The past three books I’ve read changed me. Actually, they defined me. No wait, they articulated what I’ve always known myself to be, but I had yet to articulate it for myself… and that, that is what saved me.
Grant Lichtman’s The Falconer, Warren Berger’s A More Beautiful Question, and Santana and Rothstein’s Make Just One Change (MJOC) have brought me off that ledge of not knowing how to exist as a 21st century educator within a 19th century framework, mindset, and bureaucracy. Everything I have been saying as an educator for the past 6 or so years was not backed by strong, or something even tangible, actions and outcomes. I want my students to think for themselves, to ask questions Google can’t answer, to “be engaged” (but what does that really mean and look like?), to look at the world critically yet compassionately. These authors illustrate and inspire the strategies for doing, instead of just saying or hoping. DOING is going to be what sets 21st century educators, institutions, administrations, and students apart from their 19th and 20th century counterparts. And the easiest strategy to start the DOING is RQI’s Question Formulation Technique.
I read MJOC last weekend, literally. So this past week, I began thinking of how I could best integrate the QFT into my already-conceived vision of what this third quarter of the school year would look like for my students. I teach two distinctly different groups of students – one is a group of 9 behaviorally challenging and below grade-level students.
It went like this: I set up an online poll with the prompt “What do you want to learn about this semester?” That went south when several expletives appeared on the screen. Onto Plan B. I passed out a sheet of blank paper and said “Write one thing down that you want to know more about – anything.” And they did it. Progress. I wrote down “School Violence” on the board as my topic (I knew they would be intrigued by that as opposed to something like “Metacognition in Learning”). Then I presented The Rules and we collaboratively asked questions about my topic. In about 7 minutes, we had 20 questions. Now they were to do it individually. And they did it. Progress. We then shared our questions and I was blown away at their efforts and honesty. Their level of engagement in the activity and each other’s ideas was not only exhilarating, but literally heart-warming.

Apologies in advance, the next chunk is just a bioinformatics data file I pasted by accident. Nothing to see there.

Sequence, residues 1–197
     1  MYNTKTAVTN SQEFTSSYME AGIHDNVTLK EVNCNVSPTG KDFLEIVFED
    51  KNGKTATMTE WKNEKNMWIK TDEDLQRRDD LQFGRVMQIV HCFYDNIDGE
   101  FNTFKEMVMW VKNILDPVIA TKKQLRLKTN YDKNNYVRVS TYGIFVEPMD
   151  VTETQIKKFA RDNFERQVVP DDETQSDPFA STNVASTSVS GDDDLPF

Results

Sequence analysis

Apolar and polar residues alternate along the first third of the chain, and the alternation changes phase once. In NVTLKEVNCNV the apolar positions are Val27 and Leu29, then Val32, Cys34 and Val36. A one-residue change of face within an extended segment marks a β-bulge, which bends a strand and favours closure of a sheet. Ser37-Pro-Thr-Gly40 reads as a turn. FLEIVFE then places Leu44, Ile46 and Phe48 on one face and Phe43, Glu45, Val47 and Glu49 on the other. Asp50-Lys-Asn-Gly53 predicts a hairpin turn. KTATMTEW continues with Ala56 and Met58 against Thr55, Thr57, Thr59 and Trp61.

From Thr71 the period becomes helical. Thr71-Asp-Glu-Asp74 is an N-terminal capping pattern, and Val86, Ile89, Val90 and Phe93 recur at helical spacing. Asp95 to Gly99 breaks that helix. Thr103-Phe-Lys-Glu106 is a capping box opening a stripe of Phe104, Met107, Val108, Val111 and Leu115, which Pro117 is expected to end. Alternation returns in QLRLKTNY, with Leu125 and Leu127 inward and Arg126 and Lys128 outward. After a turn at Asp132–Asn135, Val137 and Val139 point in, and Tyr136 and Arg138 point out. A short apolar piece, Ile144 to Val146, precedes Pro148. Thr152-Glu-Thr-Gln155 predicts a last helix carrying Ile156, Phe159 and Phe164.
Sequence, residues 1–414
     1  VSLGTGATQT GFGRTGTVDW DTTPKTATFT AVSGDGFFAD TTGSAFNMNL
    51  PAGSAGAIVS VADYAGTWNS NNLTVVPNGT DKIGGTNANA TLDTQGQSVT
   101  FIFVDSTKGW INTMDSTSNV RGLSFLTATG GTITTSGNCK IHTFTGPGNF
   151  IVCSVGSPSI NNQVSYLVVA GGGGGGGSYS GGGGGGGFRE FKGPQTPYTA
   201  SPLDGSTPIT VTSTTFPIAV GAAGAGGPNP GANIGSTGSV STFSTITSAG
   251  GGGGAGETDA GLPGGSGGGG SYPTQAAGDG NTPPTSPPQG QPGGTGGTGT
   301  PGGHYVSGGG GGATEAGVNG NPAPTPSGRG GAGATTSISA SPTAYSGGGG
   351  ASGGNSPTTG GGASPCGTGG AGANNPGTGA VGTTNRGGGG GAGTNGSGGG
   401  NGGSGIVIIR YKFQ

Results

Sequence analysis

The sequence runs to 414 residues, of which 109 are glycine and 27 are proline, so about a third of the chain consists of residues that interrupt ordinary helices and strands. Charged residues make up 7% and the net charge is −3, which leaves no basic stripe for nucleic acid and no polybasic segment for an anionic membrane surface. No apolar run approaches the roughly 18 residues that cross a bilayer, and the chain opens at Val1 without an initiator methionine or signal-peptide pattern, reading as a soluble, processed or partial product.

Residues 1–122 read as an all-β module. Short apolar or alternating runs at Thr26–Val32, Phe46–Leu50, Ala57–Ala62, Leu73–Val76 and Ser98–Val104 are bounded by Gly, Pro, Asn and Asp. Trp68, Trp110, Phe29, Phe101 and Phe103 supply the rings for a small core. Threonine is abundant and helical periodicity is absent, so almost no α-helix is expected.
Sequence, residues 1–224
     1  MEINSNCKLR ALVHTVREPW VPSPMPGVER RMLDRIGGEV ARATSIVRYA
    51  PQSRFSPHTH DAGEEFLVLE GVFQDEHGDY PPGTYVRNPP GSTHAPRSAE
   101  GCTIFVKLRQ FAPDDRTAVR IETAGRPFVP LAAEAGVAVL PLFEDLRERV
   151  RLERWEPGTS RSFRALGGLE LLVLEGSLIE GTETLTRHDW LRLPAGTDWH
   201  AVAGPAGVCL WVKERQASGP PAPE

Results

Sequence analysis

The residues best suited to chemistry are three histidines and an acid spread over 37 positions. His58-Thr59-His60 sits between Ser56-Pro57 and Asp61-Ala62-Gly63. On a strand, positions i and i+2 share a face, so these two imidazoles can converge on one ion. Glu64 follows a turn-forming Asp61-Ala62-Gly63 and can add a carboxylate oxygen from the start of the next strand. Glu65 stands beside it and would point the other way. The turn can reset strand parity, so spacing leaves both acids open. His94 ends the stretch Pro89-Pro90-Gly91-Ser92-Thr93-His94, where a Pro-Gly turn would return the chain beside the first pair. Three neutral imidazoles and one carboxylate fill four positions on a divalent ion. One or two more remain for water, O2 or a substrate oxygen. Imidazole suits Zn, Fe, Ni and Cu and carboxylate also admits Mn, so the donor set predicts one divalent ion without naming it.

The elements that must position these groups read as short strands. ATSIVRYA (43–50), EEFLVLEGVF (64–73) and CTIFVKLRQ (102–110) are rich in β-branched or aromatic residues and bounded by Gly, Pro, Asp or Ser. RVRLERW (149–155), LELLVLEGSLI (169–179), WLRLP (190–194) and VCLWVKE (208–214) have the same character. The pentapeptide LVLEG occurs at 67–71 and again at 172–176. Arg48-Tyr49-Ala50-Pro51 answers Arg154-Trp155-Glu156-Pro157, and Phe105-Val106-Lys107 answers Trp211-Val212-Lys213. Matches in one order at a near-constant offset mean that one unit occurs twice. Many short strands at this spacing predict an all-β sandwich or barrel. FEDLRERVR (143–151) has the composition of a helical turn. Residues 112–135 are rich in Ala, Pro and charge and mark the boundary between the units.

I explained to them how those questions were going to lead them to a four-artifact standards-based portfolio that represents their learning over the semester. They will be evaluating and critiquing a TED Talk for its rhetorical effectiveness, composing a research paper, reading a piece of fiction related to or illustrating their topic, and writing a reflective essay about the entire semester’s learning process. These four artifacts each will answer different questions that they “question-stormed” through the QFT, thus giving them a multi-dimensional and multi-genre view of a topic of their choice. But beyond that, I truly believe this might be the start of them finding themselves as learners and citizens, if not quite citizens of the big bad world just yet, at least citizens within the community of Westerly High School. Maybe this will bring them off that precipice they so adeptly, yet frustratingly, dance on.
“Their level of engagement in the activity and each other’s ideas was not only exhilarating, but literally heart-warming.”